I wanted to show both sides of it, because I've had amazing
experiences and met amazing people online.
And I would never want to give that up.
But the real world is awesome, as well.
VERONICA BELMONT: Ala wants to know, "Will there be a sequel?
And will we see more of the messed up trailer homes
stacked, real world in it?"
I have outlines for two more books in the series.
But I have other things I want to write and movies I want to
make before I get to those.
But, eventually, yes.
And the stacks are one of my favorite images
from the first book.
So I'll definitely include more of those.
TOM MERRITT: Where did you draw your inspiration for that
part of the post-apocalyptic scenario?
Was it just something you thought up altogether?
Or were you inspired by something?
ERNEST CLINE: Well, Tom, I know my way
around a trailer park.
I won't lie to you.
I know the layout of a double-wide
trailer pretty well.
So I spent time in trailer parks as a kid.
And as I was imagining kind of this dystopian future, what
would even worse than a trailer park is a vertically
stacked trailer park.
And they were kind of inspired by the favelas in Brazil.
They have kind of these crazy structures
in Brazil that are--
so those were the inspirations for it.
My own experience and favelas.
TOM MERRITT: I'm only sorry that I missed Ernie in Slam
Poetry in Austin.
I stopped going to the Electric Lounge before he
started getting involved in it.
I would've loved to have seen you on stage live years ago.
That would've been awesome.
I have a whole bunch of my spoken word recordings that
are available for free on my website.
So I encourage people to download those
and check them out.
VERONICA BELMONT: And our last question comes from Darren.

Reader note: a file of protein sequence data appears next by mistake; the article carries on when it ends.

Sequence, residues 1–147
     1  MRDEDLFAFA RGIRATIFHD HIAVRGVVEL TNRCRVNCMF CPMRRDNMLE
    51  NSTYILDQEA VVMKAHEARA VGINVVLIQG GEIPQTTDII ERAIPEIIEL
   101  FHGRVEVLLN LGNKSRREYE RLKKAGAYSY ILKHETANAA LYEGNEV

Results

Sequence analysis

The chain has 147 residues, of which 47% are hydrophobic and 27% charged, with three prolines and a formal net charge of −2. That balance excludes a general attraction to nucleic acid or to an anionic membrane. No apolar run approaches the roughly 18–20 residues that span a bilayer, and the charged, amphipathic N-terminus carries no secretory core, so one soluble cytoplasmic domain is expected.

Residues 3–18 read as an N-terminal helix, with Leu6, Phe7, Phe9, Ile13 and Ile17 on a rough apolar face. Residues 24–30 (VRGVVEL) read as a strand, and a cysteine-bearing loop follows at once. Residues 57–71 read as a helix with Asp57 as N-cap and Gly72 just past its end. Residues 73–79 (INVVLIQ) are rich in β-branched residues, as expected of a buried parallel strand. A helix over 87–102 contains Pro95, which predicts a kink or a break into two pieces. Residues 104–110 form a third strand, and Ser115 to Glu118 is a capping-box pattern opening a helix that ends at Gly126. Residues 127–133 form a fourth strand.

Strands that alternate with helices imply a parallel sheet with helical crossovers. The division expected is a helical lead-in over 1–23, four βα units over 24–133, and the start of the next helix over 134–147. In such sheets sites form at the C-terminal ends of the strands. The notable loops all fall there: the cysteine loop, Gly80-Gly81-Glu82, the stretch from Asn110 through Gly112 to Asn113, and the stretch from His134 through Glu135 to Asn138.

He asks, "How far did you feel you were stretching things
from today to get to Wade's real world?
Is it a stretch from today?
Or was this a minor tangent from the current direction of
ERNEST CLINE: That's a good question.
I was trying to not necessarily imagine.
I wanted the real world to be a crappy place to give the
virtual world more weight and be more appealing so that it
would believable that people would want to spend as much
time in a virtual world if the real world was not so great.
So I didn't necessarily try to picture what I think our
future will be like, but maybe the worst possible future.
Like if the climate changed and peak oil and things like
that get worse and worse, then I think that we
could end up there.
But I'm also a big fan--
I believe very much in human innovation.
And we have a huge ability to work our way out of problems
when our back is to the wall.
So I don't necessarily think we'll have future like that.
TOM MERRITT: I hope you're right.
VERONICA BELMONT: I hope you're right, too.
VERONICA BELMONT: Well, Ernie, thank you so much again for
joining us and for answering more of our bonus questions
from the audience.
And where can people follow you online?
ERNEST CLINE: I'm on Twitter @erniecline and also my
website, or
I registered both.
So check those out.
VERONICA BELMONT: Great forward thinking.
All right, well you guys can catch the new episode of
TableTop coming out tomorrow, on Friday, and a new Sword and
Laser the week after.
See you then.